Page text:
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The Life of Napoleon I (Volume 1 of 2) by Rose

Masson in his Napoleon Inconnu


[Footnote

2: As to the tenacity of Corsican devotion, I may cite a curious proof from the unpublished portion of the "Memoirs of Sir Hudson Lowe." He was colonel in command of the Royal Corsican Rangers, enrolled during the British occupation of Corsica, and gained the affections of his men during several years of fighting in Egypt and elsewhere. When stationed at Capri in 1808 he relied on his Corsican levies to defend that island against Murat's attacks; and he did not rely in vain. Though confronted by a French Corsican regiment, they remained true to their salt, even during a truce, when they could recognize their compatriots. The partisan instinct was proof against the promises of Murat's envoys and the shouts even of kith and kin.]

[Footnote 3: The facts as to the family of Napoleon's mother are given in full detail by M. Masson in his "Napoleon Inconnu," ch. i. They correct the statement often made as to her "lowly," "peasant" origin. Masson also proves that the house at Ajaccio, which is shown as Napoleon's birthplace, is of later construction, though on the same site.]

[Footnote 4: See Jacobi, "Hist. de la Corse," vol. ii., ch. viii. The whole story is told with prudent brevity by French historians, even by Masson and Chuquet. The few words in which Thiers dismisses this subject are altogether misleading.]

[Footnote 5: Much has been written to prove that Napoleon was born in

1768, and was really the eldest surviving son. The reasons, stated briefly, are: (1) that the first baptismal name of Joseph Buonaparte was merely _Nabulione_ (Italian for _Napoleon_), and that _Joseph_ was a later addition to his name on the baptismal register of January 7th, 1768, at Corte; (2) certain statements that Joseph was born at Ajaccio; (3) Napoleon's own statement at his marriage that he was born in 1768. To this it maybe replied that: (_a_) other letters and statements, still more decisive, prove that Joseph was born at Corte in 1768 and Napoleon at Ajaccio in 1769; (_b_) Napoleon's entry in the marriage register was obviously designed to lessen the disparity of years of his bride, who, on her side, subtracted four years from her age. See Chuquet, "La Jeunesse de Napoleon," p. 65.]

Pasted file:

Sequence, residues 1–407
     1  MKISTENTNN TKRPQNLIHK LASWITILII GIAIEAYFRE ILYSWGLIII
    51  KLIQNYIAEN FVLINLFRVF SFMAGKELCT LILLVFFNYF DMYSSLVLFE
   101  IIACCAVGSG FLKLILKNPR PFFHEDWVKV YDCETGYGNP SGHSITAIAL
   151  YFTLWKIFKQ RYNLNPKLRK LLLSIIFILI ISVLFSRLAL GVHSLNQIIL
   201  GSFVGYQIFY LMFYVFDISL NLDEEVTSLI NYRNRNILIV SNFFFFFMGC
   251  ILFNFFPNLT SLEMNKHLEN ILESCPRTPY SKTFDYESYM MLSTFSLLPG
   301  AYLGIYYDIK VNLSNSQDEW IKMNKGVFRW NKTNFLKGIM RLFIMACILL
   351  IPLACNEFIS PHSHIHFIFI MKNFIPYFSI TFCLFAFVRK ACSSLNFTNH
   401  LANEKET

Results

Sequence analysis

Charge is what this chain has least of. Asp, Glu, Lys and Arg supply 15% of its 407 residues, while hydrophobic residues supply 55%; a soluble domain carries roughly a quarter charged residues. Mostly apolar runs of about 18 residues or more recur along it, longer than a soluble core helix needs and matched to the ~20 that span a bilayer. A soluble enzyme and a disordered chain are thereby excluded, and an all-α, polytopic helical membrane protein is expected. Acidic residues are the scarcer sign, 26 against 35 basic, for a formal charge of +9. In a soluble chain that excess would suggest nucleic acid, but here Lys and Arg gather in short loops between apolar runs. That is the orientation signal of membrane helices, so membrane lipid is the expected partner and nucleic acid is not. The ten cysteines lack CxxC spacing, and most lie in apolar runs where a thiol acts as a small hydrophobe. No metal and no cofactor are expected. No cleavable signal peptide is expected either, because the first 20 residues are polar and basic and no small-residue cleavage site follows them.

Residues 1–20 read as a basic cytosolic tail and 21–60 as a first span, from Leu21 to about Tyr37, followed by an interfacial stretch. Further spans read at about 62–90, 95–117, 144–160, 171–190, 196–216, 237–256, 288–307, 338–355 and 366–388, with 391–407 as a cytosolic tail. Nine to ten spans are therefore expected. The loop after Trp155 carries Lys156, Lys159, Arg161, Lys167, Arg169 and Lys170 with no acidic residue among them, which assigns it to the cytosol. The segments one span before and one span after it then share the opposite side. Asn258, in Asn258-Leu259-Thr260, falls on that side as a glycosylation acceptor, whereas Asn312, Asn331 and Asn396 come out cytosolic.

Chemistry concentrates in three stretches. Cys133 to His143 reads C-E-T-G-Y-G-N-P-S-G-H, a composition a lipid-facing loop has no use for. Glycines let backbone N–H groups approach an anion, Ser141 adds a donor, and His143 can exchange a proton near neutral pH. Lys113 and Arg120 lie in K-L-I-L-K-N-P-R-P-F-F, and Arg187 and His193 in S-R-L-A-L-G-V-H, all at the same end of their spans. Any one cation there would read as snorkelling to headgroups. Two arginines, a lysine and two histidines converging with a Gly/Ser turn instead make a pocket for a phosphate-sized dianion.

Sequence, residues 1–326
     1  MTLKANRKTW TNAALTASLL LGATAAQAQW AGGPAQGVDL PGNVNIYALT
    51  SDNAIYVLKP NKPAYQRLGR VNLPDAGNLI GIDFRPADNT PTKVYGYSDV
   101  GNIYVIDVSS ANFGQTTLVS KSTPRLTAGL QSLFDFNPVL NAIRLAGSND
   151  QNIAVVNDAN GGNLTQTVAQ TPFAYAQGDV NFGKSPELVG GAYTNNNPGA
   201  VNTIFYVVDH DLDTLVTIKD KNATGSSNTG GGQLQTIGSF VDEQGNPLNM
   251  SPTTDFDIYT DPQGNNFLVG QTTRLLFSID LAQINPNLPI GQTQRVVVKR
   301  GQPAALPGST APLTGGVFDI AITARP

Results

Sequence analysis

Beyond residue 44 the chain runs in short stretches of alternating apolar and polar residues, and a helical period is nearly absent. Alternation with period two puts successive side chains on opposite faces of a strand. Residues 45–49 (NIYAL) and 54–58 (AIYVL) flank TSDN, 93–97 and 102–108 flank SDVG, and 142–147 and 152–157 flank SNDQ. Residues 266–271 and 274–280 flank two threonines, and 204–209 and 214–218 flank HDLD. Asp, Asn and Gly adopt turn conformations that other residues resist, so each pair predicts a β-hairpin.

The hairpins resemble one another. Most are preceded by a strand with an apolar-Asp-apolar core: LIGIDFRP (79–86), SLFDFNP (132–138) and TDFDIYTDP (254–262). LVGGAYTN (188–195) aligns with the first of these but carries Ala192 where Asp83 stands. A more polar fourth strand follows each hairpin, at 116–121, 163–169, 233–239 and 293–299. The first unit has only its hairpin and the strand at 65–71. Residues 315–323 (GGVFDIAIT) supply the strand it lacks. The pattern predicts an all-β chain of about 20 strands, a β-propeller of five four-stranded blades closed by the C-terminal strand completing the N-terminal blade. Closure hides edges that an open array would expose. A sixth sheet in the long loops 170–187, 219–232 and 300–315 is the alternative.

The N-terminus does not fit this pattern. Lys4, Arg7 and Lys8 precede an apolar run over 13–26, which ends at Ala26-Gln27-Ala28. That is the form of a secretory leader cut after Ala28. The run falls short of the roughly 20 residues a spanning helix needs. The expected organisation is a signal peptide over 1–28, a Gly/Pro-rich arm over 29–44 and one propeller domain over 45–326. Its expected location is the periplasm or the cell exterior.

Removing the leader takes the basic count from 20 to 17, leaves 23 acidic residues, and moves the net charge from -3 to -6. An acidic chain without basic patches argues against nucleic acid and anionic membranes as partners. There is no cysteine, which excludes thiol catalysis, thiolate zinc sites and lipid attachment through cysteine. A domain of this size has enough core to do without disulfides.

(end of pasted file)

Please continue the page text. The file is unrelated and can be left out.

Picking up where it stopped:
[Footnote 6: Nasica, "Memoires," p. 192.]

[Footnote 7: Both letters are accepted as authentic by Jung, "Bonaparte et son Temps," vol. i., pp. 84, 92; but Masson, "Napoleon Inconnu," vol. i., p. 55, tracking them to their source, discredits them, as also from internal evidence.]

[Footnote 8: Chaptal, "Mes Souvenirs sur Napoleon," p. 177.]

[Footnote 9: Joseph Buonaparte, "Mems.," vol. i., p. 29. So too Miot de Melito, "Mems.," vol. i., ch. x.]

[Footnote 10: Chaptal, "Souvenirs sur Napoleon," p. 237. See too Masson, "Napoleon Inconnu," vol. i., p. 158, note.]

[Footnote 11: In an after-dinner conversation on January 11th, 1803, with Roederer, Buonaparte exalted Voltaire at the expense of Rousseau in these significant words: "The more I read Voltaire, the more I like him: he is always reasonable, never a charlatan, never a fanatic: he is made for mature minds. Up to sixteen years of age I would have fought for Rousseau against all the friends of Voltaire. Now it is the contrary. _I have been especially disgusted with Rousseau since I have seen the East. Savage man is a dog._" ("Oeuvres de Roederer," vol. iii., p. 461.)


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